Charles Briggs discusses his concept of biomediatization and examines how changing approaches to public health are connected to patterns of collaboration among health professionals from many fields.

In contemporary life, the production and circulation of medical knowledge is closely bound to media communication strategies. This lecture explores how the transformation of common life activities such as eating, sex, and education into public health concerns intersects with the transformation of the media into an autonomous institution colonizing other social fields.

Anthropologist Charles Briggs analyzed the collaborations among health officials, researchers, journalists, and publics to show how those interactions complicate both global sensibilities toward epidemics and boundaries among professions.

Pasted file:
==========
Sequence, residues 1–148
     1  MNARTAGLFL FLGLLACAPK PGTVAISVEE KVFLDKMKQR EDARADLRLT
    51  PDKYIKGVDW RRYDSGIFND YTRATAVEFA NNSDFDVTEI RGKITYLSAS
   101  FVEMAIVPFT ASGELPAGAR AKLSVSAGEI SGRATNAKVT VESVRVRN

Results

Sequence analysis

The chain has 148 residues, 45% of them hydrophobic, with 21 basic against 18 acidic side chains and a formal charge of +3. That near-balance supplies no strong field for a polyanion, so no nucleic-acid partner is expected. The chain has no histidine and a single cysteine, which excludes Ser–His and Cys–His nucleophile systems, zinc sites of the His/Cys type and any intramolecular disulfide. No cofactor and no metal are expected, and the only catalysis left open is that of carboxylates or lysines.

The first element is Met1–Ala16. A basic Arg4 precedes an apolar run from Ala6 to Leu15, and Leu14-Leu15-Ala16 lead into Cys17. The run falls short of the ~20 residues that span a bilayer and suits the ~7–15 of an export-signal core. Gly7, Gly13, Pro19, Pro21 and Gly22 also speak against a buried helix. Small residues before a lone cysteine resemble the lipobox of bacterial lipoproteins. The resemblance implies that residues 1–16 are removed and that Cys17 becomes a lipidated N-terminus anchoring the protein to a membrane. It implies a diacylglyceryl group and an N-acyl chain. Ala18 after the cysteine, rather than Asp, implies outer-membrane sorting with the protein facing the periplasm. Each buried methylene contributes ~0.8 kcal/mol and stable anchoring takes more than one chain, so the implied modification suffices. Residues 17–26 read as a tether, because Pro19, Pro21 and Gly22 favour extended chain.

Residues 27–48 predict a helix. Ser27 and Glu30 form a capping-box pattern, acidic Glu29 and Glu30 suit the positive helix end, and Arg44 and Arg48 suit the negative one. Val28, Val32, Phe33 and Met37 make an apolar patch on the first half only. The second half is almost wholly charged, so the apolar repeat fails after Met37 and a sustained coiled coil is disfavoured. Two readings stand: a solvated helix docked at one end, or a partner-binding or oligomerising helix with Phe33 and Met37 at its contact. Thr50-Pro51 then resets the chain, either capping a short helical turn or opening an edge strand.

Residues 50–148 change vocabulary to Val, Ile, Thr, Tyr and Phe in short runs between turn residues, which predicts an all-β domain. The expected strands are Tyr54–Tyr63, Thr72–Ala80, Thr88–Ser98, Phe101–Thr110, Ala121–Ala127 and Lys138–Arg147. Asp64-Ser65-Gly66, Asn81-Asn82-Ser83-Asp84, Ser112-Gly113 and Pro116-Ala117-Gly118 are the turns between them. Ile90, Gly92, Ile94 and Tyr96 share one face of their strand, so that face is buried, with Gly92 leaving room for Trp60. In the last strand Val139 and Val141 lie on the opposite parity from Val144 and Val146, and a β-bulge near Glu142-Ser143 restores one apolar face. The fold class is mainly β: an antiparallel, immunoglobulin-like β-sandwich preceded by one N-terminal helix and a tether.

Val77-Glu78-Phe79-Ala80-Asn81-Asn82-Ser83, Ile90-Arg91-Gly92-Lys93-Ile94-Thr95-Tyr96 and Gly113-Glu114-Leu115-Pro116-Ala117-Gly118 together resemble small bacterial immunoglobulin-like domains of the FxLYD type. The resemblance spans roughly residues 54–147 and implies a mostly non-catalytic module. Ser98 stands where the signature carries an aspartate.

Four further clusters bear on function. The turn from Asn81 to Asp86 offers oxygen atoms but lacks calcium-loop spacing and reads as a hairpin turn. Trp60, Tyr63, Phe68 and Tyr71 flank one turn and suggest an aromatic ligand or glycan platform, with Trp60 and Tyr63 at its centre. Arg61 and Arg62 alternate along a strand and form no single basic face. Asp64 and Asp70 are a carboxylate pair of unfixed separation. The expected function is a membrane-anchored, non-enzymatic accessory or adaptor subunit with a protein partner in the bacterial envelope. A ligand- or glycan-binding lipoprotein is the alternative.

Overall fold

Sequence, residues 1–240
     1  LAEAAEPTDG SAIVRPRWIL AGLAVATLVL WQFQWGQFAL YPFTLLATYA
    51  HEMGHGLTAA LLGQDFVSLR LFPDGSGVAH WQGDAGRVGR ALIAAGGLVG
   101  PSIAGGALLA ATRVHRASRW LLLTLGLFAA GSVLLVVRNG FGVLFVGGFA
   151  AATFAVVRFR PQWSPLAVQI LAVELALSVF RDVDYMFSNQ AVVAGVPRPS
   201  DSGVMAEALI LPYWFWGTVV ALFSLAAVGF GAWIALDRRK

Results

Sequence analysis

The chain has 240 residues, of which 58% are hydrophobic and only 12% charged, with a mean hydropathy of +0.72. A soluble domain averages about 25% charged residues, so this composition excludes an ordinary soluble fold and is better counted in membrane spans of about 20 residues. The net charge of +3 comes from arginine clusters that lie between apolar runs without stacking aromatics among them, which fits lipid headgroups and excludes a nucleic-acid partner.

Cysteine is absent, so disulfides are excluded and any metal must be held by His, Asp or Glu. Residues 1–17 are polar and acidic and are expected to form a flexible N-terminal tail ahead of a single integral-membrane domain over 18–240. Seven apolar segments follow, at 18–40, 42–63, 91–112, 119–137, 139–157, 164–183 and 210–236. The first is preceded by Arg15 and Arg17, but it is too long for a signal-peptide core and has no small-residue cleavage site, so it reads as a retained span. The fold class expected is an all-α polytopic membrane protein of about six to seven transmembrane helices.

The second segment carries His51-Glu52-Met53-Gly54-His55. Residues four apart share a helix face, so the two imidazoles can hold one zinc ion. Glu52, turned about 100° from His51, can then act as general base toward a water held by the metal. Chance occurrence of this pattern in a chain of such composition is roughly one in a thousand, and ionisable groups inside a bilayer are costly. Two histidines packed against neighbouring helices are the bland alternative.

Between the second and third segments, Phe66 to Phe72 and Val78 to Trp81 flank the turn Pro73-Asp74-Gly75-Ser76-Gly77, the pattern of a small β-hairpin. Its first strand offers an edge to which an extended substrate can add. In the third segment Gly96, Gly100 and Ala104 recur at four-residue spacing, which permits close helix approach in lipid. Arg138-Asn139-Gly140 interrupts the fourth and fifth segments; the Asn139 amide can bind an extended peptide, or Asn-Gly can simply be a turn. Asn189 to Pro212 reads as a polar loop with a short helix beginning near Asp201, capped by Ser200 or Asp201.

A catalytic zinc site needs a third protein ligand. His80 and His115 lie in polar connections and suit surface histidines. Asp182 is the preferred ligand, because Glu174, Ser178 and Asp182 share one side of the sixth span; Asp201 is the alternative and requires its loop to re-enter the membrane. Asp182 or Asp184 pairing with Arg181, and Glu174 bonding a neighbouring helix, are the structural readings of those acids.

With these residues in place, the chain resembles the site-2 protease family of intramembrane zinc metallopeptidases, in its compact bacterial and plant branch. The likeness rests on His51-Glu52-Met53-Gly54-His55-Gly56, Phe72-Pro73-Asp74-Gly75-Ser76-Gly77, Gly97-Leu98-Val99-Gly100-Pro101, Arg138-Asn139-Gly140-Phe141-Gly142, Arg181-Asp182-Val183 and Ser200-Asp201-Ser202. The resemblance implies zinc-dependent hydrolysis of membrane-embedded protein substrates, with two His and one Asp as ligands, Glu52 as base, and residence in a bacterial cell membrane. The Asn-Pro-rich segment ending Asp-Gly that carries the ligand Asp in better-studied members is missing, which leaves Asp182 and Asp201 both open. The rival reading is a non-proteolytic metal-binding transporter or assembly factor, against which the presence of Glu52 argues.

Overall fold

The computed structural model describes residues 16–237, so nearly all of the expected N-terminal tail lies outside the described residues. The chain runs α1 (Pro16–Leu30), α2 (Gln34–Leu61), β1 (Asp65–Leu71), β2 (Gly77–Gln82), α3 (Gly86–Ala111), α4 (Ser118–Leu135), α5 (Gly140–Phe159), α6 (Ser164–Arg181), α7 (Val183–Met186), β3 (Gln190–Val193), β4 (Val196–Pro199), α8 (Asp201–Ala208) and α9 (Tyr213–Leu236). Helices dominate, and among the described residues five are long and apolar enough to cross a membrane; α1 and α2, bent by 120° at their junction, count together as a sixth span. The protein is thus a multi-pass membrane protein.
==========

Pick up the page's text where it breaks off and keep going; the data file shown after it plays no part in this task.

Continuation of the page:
Charles L. Briggs is the Alan Dundes Distinguished Professor in the Department of Anthropology of the University of California, Berkeley. His publications include Learning How to Ask, Voices of Modernity (with Richard Bauman), Stories in the Time of Cholera (with Clara Mantini-Briggs), Poéticas de vida en espacios de muerte, Making Health Public: How News Coverage Is Remaking Media, Medicine, and Contemporary Life (with Daniel Hallin) and Tell Me Why My Children Died: Rabies, Indigenous Knowledge and Communicative Justice (with Clara Mantini-Briggs). He has received such honors as the James Mooney Award, the Chicago Folklore Prize, Edward Sapir Book Prize, the J. I. Staley Prize, and the Américo Paredes Prize, and fellowships from the John Simon Guggenheim Memorial Foundation, NEH, and the Center for Advanced Studies in the Behavioral Sciences.